One of the areas of land set aside under ANILCA was the Yukon-Charley river basin. The Nation River is a tributary that feeds into the basin.

A Very Simple and Probably Incomplete Explanation of How ANILCA Works 

The Great Denali-McKinley Trespass sent a clear message to Congress:  Alaska was not like other states and could not be regulated the same.   Rather than draw strict boundary lines for what would be federal land under ANILCA, Congress created “conservation units.”  16 U.S.C.  3102(4). The conservation unit boundaries are not determined by land ownership, but by geographical areas containing complete ecosystems, habitats or waterways.  This resulted in privately owned land being placed into ANILCA’s conservation units.

Under ANILCA, National Park Service regulations only apply to “public lands” within the conservation units.  16 U.S.C. 3103(c). “Public lands” are defined as “land” the United States owns.  “Land” is defined to include waters and interests in waters.  16 U.S.C. 3102(1).  So, under ANILCA, National Park Service Regulations do not apply to privately owned land.

The Saga of John Sturgeon is, therefore, a fight about whether the Nation River is a public land subject to ANILCA.

Along Comes Katie John

The question of whether the Nation River is subject to ANILCA was first addressed by the Ninth Circuit in a series of three related appeals – the Katie John cases.

In Katie John I, (Alaska v. Babbitt), the Ninth Circuit held that the “navigational servitude” I talked about above did not render river water a public land under ANILCA because the United States did not own the water.  72 F.3d 698 (1995).  However, river water could still be a public land under ANILCA if the United States reserved an interest in the water on the land it pulled into the conservation units.  Applying the reserved water rights doctrine, the Ninth Circuit found that the United States did retain an interest in these waters.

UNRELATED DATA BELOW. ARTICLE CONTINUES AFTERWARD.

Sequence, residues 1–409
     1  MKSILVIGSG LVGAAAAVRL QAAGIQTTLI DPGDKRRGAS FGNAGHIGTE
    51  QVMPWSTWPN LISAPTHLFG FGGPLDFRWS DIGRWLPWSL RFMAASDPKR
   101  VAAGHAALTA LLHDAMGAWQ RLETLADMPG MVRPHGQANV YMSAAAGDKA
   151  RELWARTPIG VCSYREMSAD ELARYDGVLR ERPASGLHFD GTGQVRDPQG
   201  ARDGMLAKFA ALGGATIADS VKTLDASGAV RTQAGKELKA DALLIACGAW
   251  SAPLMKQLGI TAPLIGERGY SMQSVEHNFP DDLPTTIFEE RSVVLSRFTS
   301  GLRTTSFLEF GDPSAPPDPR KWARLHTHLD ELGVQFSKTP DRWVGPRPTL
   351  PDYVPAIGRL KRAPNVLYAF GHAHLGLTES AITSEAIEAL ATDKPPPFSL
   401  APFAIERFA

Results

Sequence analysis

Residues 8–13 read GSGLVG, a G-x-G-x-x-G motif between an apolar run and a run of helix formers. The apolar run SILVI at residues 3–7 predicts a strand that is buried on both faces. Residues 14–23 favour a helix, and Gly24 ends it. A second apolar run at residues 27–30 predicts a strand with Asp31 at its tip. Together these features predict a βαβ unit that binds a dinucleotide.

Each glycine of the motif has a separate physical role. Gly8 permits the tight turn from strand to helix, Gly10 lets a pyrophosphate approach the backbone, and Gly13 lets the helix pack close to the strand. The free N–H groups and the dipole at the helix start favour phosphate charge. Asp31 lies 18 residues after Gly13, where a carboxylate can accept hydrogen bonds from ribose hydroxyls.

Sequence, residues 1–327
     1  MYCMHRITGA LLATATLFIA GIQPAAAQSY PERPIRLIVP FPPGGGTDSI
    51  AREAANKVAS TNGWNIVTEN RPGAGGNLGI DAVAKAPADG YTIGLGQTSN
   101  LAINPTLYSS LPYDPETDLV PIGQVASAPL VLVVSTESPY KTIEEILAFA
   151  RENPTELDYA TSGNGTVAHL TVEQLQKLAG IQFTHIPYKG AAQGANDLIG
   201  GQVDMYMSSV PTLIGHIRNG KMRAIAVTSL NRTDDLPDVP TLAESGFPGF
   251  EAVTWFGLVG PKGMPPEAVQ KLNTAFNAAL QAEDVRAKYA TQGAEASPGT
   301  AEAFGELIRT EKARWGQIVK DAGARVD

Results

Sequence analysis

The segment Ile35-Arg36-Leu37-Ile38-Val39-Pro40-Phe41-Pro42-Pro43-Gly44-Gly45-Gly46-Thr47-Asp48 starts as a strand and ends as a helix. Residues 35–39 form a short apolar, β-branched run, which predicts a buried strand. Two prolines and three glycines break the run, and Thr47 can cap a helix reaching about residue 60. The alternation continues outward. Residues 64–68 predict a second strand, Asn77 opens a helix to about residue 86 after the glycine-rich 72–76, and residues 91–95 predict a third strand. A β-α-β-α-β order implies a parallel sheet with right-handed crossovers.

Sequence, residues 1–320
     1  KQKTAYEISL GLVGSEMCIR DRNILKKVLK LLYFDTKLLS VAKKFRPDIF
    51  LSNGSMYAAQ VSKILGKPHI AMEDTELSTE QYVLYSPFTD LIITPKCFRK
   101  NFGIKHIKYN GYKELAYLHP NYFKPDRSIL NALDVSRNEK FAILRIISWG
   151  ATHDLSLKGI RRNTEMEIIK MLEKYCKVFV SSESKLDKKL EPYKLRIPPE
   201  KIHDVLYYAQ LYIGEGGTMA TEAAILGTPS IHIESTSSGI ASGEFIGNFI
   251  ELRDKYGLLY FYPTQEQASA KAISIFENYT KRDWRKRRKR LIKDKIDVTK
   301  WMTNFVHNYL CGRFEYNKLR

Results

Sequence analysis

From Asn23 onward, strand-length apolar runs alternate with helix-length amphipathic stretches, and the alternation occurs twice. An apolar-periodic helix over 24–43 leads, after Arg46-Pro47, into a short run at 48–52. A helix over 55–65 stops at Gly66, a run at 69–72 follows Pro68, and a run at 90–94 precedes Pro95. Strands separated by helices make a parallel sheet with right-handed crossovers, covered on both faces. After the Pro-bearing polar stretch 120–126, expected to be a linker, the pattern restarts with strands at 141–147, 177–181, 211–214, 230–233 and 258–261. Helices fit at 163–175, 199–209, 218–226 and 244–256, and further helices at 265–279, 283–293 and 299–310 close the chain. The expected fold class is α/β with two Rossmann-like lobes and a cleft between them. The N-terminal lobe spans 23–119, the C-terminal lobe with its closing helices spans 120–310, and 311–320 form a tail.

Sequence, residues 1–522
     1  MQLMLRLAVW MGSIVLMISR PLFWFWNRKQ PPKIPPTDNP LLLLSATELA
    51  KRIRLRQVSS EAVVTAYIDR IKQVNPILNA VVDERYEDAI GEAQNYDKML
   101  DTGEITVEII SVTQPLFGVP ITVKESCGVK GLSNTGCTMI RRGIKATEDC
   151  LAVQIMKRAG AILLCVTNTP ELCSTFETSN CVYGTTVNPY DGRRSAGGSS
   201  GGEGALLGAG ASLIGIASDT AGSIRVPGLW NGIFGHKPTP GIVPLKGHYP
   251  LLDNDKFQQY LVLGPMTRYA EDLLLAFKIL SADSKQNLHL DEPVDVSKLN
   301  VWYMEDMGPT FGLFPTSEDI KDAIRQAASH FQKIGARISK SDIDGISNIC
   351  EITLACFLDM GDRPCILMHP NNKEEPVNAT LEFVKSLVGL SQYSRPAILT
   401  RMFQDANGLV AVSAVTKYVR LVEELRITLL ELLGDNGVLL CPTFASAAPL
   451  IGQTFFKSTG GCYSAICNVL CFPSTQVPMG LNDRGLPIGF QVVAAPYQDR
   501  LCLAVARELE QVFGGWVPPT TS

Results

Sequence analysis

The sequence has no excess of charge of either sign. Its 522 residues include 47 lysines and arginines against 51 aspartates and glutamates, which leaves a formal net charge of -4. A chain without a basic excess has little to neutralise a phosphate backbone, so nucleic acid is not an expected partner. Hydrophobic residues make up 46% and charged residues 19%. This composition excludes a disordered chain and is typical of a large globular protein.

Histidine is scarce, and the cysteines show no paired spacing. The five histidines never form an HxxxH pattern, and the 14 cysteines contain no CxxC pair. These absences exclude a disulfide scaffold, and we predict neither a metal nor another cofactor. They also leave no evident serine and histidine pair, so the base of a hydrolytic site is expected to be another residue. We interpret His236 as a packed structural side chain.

Whenever the federal government preserves land that has water on it, the reserved water rights doctrine kicks in.  Under the doctrine, all water necessary to accomplish the purpose for which the land is being preserved is impliedly reserved for the federal government (except for the water which already belongs to a private party).  Thus, the Ninth Circuit held that the definition of public lands under ANILCA includes the navigable waters that the United States has an interest in under the reserved water rights doctrine.  Katie John II upheld this decision.  247 F.3d 1032 (9th Cir. 2001).

In Katie John III, the Ninth Circuit addressed the question of whether waterways located on private land in the conservation units are subject to ANILCA.  720 F.3d 1214 (9th Cir. 2013).    The Ninth Circuit held that they were.  Water does not tend to stay in one location, and the Ninth Circuit reasoned that the purposes underlying ANILCA could only be served if the phrase “public lands” was interpreted to include waters which flowed into private property adjacent to federal land.  Furthermore, under the reserved water rights doctrine, the United States’ interest in the water was not tied to any one physical location.  Although the riverbeds may have been granted to a private party, the United States still retained an interest in the waters themselves and could properly regulate them under ANILCA.